Tuesday, September 11, 2007

Lilly, the Construction Worker

Who was the first and/or most influential feminist in American history?

Was it Roe vs. Wade pioneer-turned Born-again Christian Norma Leah McCorvey?

Was it Hippy Chick and former WAA Director Gloria Steinem?

Was it former Goldwater groupie-turned-First Lady-turned-Senator Hilary Rodham Clinton?

Perhaps we need to travel back in time a bit further; was it the venerable socialite Elizabeth Stanton and her Declaration of Sentiment?

I offer you a resounding “no”…to all of the above.

The first and most influential feminist in American history furthered women’s rights while she dared to call two of the most brilliant male minds of her time “best friends” as well. How pertinent was she? By the time Elizabeth Stanton’s Declaration of Sentiment was published and signed, America’s first and most important feminist had already lived 95% of her life, and she’d already loved, worked, spoke her piece, and changed the American woman’s destiny for the better—forever.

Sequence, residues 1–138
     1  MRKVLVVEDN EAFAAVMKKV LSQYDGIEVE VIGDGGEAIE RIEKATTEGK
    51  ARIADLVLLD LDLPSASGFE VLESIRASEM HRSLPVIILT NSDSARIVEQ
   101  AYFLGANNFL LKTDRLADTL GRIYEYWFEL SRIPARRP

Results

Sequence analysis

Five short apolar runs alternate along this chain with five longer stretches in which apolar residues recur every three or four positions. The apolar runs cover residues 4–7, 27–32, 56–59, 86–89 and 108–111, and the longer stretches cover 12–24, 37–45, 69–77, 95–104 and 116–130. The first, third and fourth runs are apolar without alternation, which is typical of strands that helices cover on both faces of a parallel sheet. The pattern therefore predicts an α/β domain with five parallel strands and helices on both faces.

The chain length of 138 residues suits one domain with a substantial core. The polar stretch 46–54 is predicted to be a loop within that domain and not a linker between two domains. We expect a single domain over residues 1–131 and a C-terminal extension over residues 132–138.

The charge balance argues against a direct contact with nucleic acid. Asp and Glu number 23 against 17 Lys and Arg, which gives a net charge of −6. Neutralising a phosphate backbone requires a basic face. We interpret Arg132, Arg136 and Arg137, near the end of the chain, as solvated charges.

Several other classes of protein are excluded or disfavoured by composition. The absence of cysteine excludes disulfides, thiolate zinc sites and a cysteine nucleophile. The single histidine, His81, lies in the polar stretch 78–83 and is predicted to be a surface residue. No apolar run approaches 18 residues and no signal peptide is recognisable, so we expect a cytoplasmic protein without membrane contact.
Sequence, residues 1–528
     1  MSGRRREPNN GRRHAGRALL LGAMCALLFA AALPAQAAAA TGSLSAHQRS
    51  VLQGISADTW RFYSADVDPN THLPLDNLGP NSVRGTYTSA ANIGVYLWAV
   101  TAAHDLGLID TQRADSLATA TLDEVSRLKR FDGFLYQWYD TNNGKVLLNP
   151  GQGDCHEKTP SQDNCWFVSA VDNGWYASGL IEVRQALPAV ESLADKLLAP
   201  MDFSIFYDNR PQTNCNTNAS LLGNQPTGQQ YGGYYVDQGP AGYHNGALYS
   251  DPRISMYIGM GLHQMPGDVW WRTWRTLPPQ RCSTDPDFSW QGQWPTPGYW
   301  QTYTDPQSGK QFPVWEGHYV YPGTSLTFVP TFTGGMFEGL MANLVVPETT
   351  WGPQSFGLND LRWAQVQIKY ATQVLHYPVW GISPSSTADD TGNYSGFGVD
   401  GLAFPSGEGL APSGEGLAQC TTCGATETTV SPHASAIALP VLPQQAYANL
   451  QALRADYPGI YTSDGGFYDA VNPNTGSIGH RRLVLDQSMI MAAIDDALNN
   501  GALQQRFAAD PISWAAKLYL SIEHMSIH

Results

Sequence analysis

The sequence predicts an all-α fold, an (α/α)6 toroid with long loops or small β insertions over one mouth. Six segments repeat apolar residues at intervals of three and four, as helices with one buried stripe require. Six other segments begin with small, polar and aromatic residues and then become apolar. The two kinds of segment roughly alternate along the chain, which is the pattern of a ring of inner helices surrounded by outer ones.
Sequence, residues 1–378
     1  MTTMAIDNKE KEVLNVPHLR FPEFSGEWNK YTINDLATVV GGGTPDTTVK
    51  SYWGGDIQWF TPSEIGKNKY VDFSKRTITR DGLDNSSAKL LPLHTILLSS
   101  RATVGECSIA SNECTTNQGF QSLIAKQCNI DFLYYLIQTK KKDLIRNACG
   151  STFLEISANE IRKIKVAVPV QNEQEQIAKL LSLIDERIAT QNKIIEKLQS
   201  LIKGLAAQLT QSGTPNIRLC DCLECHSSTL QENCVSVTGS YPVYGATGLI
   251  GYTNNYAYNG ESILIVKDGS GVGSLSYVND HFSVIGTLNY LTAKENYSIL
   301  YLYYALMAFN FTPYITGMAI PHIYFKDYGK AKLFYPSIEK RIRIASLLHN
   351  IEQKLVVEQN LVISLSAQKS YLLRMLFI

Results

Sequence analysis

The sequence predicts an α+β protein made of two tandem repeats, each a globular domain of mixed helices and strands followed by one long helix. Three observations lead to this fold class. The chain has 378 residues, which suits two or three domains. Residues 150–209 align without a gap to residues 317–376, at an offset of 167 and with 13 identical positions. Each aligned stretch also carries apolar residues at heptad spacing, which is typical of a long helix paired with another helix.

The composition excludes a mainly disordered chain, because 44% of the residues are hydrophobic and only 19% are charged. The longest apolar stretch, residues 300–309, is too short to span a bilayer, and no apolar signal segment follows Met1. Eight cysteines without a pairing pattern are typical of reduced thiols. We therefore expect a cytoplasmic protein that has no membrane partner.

She wrote with uncanny eloquence, as well as anyone on American soil. She spoke with clarity and conviction, in a time when women simply weren’t permitted to do such. She thought in concise and intelligent manner, alongside the greatest American male minds of the day. She furthered the cause of all women on U.S. soil less hostility and armed with relentless tact.

So who was she? Well, those two aforementioned “best friends” just happen to be Ralph Waldo Emerson and Henry David Thoreau…

And that extraordinary woman—America’s first and most influential feminist—happens to be…

Transcendentalist and Editor of The Dial Margaret Fuller.

Till next time...

NP

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